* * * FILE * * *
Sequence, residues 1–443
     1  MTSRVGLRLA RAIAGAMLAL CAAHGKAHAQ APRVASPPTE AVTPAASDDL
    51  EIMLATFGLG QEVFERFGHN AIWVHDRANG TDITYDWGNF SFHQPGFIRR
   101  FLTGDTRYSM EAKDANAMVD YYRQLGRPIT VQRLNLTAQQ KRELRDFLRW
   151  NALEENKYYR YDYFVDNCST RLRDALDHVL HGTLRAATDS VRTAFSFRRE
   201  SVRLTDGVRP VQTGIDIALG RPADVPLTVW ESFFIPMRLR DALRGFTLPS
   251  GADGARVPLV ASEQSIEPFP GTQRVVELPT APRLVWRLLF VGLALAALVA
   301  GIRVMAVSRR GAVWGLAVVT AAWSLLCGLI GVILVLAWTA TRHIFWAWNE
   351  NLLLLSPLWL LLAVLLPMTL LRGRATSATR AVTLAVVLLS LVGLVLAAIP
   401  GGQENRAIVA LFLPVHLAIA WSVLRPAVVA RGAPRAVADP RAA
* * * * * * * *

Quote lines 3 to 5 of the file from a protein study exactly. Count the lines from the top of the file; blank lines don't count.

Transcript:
    51  EIMLATFGLG QEVFERFGHN AIWVHDRANG TDITYDWGNF SFHQPGFIRR
   101  FLTGDTRYSM EAKDANAMVD YYRQLGRPIT VQRLNLTAQQ KRELRDFLRW
   151  NALEENKYYR YDYFVDNCST RLRDALDHVL HGTLRAATDS VRTAFSFRRE